To be sure, Bloc members hedge their involvement in federal politics by saying they are the only ones who can defend “Quebec’s interests.” “We are there to make sure the federation doesn’t work against us, and I
‘ONCE YOU SCRATCH BELOW THE SURFACE,’ SAYS A LIBERAL MP, ‘THEY BECOME LIKE ALL OF US’
think we do an excellent job,” says Bloc MP Vivian Barbot. (Barbot herself sits on 16 of 26 parliamentary committees, making her one of the busiest MPs on the Hill.)
This conceit—that only sovereignists can protect Quebec’s interests—forms the Bloc’s raison d’être whenever there is a lull in the sovereignist discourse in Quebec. The fact that the Parti Québécois is currently marooned in third place, and its leader, Pauline Marois, is openly questioning the wisdom of a referendum any time soon, doesn’t help. “Because the PQ no longer has a timetable on a referendum, the Bloc has had to change its strategy,” says Denis Monière, a Université de Montréal professor and Bloc supporter. The party, he says, has had to back off on any talk of sovereignty: “In effect, it forces the Bloc to be less different than the Conservatives, making it less competitive.”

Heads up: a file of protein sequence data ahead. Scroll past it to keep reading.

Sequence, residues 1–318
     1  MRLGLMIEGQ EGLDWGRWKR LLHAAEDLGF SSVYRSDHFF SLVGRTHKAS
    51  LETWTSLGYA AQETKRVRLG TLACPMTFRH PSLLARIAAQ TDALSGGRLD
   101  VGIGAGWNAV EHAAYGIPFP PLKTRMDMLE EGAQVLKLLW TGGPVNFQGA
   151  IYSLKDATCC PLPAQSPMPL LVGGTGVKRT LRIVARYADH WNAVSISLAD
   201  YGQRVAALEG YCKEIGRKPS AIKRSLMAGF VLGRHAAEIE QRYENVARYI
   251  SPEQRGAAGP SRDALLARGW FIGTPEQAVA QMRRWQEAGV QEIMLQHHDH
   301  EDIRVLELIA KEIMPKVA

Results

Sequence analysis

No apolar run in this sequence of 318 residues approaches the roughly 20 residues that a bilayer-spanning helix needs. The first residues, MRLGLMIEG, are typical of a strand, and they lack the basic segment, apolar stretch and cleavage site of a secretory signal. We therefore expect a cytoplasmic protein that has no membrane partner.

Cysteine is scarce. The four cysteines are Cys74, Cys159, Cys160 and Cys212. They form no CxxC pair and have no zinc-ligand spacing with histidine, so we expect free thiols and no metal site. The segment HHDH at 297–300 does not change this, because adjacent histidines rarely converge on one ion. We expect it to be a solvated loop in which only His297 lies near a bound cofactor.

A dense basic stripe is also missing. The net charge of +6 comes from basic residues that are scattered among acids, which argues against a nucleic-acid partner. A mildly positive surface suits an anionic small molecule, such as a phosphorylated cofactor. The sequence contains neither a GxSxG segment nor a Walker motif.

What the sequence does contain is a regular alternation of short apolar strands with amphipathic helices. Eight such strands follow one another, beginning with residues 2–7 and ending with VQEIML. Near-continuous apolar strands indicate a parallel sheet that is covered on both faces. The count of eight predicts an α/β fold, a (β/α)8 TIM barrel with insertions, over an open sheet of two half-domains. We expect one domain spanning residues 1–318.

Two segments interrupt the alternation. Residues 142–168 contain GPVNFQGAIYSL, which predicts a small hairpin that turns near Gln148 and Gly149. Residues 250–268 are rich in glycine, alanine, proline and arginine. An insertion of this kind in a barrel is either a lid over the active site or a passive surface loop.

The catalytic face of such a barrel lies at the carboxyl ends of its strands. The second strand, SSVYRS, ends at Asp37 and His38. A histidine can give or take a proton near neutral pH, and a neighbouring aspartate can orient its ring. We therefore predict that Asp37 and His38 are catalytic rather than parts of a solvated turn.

“The Bloc’s fundamental reason for existing is pretty limiting,” echoes Cornellier. “They are sovereignists first. At the same time, they have to attract federalist and soft nationalist votes to win a large number of seats, so they say that a vote for the Bloc is safe because the party can’t call a referendum. They are constantly in a difficult position, and its MPs will spend their lives defending the party’s existence.”
Some of the loudest criticism has come from sovereignists themselves. After the electoral defeat of André Boisclair and the PQ last spring, five prominent Péquistes called for the dissolution of the Bloc, saying it saps valuable resources from the sovereignist cause in Quebec. An internal report, commissioned by Duceppe following its surprise defeat in several ridings in 2006, spoke of the party’s ideological dilemma. “We believe there is a fundamental weakness within the party that threatens its existence,” wrote author Hélène Alarie, then the party’s vice-president. Many Quebecers, the report noted, no longer see themselves in the Bloc’s leftist discourse and social policies, and are tired of voting for a party that will forever be in opposition. Even Duceppe has wavered: the chief Bloquiste entertained an exit from the Bloc for the PQ leadership one summer weekend last year, only to recant when Pauline Marois announced similar intentions. More recently, he said he would consider it a vote of confidence in his leadership if the Bloc won 38 seats in the next election. It currently holds 49As it heads into its sixth election, the party that was never supposed to exist this long faces a fierce bit of irony: its MPs have come to be accepted and even admired in Ottawa, but some of the people who send them there are wondering why they bother. M